by David Wethington
My Uncle Verlin grew up rough. He was the youngest of nine kids raised during the depression in abject poverty. Being the smallest, he was considered the baby of the family. His four older brothers always picked on him. But by the time he was a teenager, he was 6 feet tall and 180 pounds of solid muscle. He made up his mind that nobody would hurt him again.
He became tough. While he didn’t start a single fight, he didn’t back down from any. One night, four men attacked him in a bar. He dropped one on the spot, drove another out the back door, and sent the third into the juke box. They attacked him; he was just defending himself. The police took Verlin to jail, and the attackers went to the hospital.
On Christmas Eve 1957, one of Verlin’s brothers, Herbie, was married and had three girls under the age of 6. That day, Herbie loaded the car with Christmas presents and picked his wife up from work. On the way home, sitting at one of their stops, Herbie turned to his wife and died on the spot. He suffered a massive heart attack and was dead before he hit the ground. He was 27 years old.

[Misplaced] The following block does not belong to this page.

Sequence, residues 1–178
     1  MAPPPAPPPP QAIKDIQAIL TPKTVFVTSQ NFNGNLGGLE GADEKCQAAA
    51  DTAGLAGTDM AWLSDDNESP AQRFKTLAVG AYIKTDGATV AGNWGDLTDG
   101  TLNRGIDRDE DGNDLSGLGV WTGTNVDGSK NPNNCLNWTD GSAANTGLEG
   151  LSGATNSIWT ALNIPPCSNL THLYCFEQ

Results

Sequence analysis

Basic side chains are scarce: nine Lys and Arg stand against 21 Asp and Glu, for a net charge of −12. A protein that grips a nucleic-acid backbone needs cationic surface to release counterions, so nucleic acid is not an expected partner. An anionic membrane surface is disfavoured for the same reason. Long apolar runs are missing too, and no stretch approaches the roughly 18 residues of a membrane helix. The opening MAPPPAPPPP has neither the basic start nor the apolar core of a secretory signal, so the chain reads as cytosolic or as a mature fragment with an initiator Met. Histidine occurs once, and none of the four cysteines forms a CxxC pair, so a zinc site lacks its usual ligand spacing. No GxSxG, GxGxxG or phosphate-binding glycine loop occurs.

5A dozen years and maybe two dozen fights later, Uncle Verlin learned that Herbie’s oldest daughter wanted to go to college. Her stepfather wouldn’t help pay her expenses, so Verlin invited her to explain what she wanted from her education. She told him what she wanted to study. “How much does it cost to go to this college?” Verlin asked. She told him what the first year’s expenses would be, and what money she had saved babysitting and doing odd jobs.
Verlin had never married and had no dependents. He said “You are my brother’s daughter. If I don’t give the money to you, the taxman will get it.” He wrote a check on the spot for the entire semester’s expenses — tuition, books, boarding, everything! Before every semester for the next four years, Verlin sent her another check.
In my senior year of college, I ran out of money. My student loans were maxed out and tuition was due. Uncle Verlin gave me the money I needed. A few months later I was working, and went to pay him what I borrowed. He said I didn’t have to, but I insisted.
He smiled and said “You know, I’ve loaned money to a lot of people and you’re the only one who has ever even attempted to pay me back.” Less than a week later, he was killed in a car crash.
I loved him dearly, and miss him so. Uncle Verlin was a tough, hard drinking, blue collar man who had a million faults. And this world could use a few more people with his heart of gold.